By Aalia Khan

From the Mama Quilla Production Company comes a new theatre play called The Signing Stones. The Singing Stones fearlessly explores the different stories of women from the Arab revolutions. It follows the epic journey of Sarah, her daughter and granddaughter through changing times, places and ideas, and it asks the question, ‘Was the Arab Spring the greatest missed opportunity for humanity of the 21st century?’

Singing-Stones-e-flyerWhen some would argue that theatre has been dulled down this production provokes and asks difficult questions.

The idea for the plays arose when Director/Writer Kay Adshead did a project called Theatre Of Protest which explored the state of the phenomena of global protest all around the world. She had then developed a piece on young people about student protests and at the same time the Arab spring began. Kay says “Interesting things were appearing in blogs for very short periods of time so I decided to also include the women spring in that piece.”

Kay Adshead
Kay Adshead

The production is comprised of three plays and is predominately a female cast who are diverse in ethnicity.

Najma Akhtar, an internationally renowned vocalist and songwriter has composed the music for this production and will be performing live. She says “The plays are about the hardships, brutalities and cruelties of what happened, it was mentioned and then forgotten about. The women who fought for their freedom, rights and equalities, its powerful and strong, some people will like it and some may not.”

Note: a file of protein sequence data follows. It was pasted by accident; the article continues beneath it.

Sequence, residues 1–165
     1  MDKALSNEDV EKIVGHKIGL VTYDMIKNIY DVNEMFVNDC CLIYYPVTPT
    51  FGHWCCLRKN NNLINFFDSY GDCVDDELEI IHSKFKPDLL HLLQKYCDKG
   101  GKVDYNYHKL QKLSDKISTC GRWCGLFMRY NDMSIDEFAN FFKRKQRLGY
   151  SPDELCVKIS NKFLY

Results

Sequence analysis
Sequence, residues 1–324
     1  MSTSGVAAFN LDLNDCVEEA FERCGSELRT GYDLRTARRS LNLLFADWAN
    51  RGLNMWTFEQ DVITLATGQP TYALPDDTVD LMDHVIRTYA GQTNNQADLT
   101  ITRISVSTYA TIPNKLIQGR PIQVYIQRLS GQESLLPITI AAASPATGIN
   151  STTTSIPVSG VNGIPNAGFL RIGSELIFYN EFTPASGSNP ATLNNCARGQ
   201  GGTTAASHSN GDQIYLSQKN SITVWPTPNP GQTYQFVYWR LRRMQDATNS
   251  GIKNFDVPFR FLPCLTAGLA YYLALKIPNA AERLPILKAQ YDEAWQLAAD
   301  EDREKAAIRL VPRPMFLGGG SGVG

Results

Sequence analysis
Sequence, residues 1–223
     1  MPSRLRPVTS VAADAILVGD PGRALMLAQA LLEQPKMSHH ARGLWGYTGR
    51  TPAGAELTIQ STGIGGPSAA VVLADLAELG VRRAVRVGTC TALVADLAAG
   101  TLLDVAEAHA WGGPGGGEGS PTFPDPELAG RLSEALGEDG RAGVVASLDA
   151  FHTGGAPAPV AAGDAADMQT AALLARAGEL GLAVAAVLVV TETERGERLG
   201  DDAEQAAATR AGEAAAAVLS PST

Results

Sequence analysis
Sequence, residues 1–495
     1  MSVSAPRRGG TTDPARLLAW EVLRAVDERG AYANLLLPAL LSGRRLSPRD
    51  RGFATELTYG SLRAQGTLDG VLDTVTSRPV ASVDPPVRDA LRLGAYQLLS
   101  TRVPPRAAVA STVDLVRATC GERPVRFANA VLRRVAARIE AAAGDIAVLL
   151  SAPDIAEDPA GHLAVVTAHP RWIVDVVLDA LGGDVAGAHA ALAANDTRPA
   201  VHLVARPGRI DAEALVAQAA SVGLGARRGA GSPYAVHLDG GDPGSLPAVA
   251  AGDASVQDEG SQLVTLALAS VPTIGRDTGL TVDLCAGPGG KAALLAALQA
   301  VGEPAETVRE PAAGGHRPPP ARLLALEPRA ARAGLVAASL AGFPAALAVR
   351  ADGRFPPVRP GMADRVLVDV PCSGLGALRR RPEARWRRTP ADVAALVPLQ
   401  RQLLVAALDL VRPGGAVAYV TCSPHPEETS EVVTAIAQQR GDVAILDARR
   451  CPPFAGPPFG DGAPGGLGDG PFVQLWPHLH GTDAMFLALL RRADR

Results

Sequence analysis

Najma Akhtar
Najma Akhtar

Najma’s role is the voice of a woman who has undergone a lot of brutality as her husband has been taken away, her quest is to find her husband, and she sings from the heart and soul “My voice is to express the sorrow and sadness. It is very hard to get it into ones head that these things did happen and are still happening. It’s a complex, detailed piece which travels across 5 countries; Tunisia, Libya, Egypt, Syria and England” she says.

Kay says it is vital for such material to be created as “The stories have to be told.” She adds “There’s been a big attempt to write women out of the Arab spring. They were briefly celebrated, then denied and now derided. We are showing women were there and very important at the inception of it.”

The key messages being portrayed in the plays are that “You achieve very little with violence, so you should think very carefully as violence is the last resort” explains Kay. Additionally “Don’t forget the voice of the woman, struggle and brutality that happened. Everything was forgotten but it’s still happening just not in the public eye. We have to strive to do right what’s wrong. Women must bring

The play runs from Wed 4th Feb until Saturday 28th February at the Arcola Theatre, London.